Note to readers, attached is the complete final report for FNE95-083
This project concerned raising an indigenous species of fish– the New England horned pout, also known as the brown bullhead– in captivity or semi-captivity. Ms. Dugan and her associate, Melvin Murrel, caught wild specimens under a permit issued them by the New Hampshire Dep’t. of Fish and Game. They bred these and raised the progeny variously in ponds, in cages lowered into ponds, and in 750-gallon tanks of water circulated through biofilters. They experimented with various techniques of aquaculture, and found that:
1) recirculating tanks use far less water than natural or artificial ponds, allow closer observation of the stock and, because they warm more quickly than ponds, extend the season and promote faster growth during the summer;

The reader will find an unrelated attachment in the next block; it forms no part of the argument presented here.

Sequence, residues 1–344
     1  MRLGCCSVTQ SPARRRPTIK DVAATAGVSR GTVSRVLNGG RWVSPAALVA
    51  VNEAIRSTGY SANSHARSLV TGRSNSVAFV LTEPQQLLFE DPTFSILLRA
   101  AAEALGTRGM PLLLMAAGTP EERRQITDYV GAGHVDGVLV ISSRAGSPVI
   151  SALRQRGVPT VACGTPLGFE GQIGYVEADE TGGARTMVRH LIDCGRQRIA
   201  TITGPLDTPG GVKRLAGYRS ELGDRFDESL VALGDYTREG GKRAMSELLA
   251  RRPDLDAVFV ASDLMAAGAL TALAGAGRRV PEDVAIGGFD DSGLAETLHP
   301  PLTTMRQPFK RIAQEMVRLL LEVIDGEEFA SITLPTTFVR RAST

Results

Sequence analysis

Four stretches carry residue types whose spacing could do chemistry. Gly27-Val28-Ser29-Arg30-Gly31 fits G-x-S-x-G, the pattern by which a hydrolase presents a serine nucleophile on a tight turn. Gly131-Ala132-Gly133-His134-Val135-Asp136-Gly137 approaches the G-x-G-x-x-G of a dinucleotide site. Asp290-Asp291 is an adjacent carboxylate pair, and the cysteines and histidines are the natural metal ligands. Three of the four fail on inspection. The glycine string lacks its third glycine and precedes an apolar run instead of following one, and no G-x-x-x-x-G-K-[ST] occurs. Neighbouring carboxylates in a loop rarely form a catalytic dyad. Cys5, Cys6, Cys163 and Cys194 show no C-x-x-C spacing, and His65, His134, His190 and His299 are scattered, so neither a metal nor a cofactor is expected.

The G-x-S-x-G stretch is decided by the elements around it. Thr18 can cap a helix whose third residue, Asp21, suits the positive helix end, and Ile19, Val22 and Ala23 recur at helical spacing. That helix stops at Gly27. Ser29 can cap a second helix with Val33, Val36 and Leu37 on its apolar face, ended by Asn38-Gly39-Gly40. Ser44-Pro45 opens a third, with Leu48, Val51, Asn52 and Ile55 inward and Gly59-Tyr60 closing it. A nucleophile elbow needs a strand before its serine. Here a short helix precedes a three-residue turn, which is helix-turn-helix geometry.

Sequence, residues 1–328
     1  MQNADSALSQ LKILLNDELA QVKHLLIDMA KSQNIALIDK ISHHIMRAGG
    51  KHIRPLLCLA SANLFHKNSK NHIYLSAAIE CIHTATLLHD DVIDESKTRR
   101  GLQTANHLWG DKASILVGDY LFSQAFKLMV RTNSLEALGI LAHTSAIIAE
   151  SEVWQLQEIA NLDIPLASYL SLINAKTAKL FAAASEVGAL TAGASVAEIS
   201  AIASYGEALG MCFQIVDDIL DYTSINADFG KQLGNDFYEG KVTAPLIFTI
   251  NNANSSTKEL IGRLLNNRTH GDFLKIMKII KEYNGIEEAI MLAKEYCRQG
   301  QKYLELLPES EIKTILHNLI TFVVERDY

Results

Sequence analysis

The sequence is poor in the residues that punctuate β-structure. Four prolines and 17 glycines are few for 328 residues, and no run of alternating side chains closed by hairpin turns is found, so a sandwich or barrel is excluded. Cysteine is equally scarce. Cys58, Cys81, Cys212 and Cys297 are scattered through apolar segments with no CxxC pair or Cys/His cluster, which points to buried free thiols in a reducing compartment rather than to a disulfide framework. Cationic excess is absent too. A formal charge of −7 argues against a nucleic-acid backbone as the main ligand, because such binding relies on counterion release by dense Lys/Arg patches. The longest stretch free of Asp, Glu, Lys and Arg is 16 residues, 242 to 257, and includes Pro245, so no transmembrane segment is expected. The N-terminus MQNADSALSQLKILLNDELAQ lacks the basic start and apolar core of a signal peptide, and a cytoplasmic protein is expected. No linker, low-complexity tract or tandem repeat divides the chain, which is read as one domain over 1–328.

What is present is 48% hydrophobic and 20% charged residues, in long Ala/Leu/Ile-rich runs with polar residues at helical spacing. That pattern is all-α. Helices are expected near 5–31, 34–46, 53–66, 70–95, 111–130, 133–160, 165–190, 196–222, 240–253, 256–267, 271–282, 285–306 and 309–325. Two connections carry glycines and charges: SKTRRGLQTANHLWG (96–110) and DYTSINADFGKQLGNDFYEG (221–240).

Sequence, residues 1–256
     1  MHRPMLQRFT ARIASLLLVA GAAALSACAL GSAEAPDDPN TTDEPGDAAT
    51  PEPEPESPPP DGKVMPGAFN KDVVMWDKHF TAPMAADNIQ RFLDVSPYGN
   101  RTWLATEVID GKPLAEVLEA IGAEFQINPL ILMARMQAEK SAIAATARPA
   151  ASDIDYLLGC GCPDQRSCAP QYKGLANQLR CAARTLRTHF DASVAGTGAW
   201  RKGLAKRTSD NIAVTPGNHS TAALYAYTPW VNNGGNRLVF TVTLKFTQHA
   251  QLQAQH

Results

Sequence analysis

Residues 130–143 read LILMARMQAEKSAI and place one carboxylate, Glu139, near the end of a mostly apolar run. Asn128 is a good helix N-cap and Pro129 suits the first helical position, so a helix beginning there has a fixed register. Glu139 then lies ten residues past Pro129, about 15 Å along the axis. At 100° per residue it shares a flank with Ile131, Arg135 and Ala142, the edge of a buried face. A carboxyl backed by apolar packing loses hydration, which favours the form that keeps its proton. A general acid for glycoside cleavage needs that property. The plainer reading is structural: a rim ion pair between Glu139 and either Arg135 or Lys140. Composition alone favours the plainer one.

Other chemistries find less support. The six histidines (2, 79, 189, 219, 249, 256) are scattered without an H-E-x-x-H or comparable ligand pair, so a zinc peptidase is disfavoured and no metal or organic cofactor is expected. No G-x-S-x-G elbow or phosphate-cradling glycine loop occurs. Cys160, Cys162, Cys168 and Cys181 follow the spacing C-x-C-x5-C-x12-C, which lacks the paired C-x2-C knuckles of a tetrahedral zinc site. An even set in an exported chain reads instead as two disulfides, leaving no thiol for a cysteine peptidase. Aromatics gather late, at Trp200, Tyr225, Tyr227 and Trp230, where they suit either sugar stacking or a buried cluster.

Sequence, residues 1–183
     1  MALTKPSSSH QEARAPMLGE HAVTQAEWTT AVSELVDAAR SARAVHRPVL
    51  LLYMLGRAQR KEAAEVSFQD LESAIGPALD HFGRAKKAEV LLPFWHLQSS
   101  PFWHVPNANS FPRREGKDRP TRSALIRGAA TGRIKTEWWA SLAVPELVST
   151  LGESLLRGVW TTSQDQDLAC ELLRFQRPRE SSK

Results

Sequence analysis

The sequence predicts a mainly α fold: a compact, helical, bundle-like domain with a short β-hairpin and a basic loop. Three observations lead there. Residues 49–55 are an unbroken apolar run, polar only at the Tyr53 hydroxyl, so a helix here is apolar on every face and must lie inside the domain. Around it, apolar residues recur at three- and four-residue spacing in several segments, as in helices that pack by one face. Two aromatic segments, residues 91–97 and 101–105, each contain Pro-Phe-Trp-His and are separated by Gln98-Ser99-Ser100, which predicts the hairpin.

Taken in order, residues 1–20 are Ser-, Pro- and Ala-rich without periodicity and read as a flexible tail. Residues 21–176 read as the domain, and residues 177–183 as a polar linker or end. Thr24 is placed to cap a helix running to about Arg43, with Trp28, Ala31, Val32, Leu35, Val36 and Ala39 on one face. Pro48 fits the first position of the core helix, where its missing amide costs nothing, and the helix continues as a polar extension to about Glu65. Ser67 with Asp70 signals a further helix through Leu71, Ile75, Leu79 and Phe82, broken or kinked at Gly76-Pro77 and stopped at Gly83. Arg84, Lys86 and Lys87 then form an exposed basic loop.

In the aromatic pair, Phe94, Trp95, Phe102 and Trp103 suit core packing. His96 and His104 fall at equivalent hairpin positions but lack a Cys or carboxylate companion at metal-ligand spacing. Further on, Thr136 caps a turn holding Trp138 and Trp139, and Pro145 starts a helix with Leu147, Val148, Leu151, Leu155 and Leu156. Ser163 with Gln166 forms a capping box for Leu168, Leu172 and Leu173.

2) solar domes, which can be fitted over the tanks, further hasten warming;
3) fish raised for 16 weeks in cages lowered into ponds consistently put on two to three more ounces than fish allowed to swim freely in the ponds;
4) old tires and #10 cans make suitable spawning sites;
5) floating trout food promoted better growth than sinking catfish food; and
6) fish could be over-wintered in cages, under the ice.
Their aquaculture operation has grown into a complex system of wells, ponds, and tanks, and some 10,000 fish. They have given many workshops, tours, and presentations about their work, and have been written up numerous times in the press.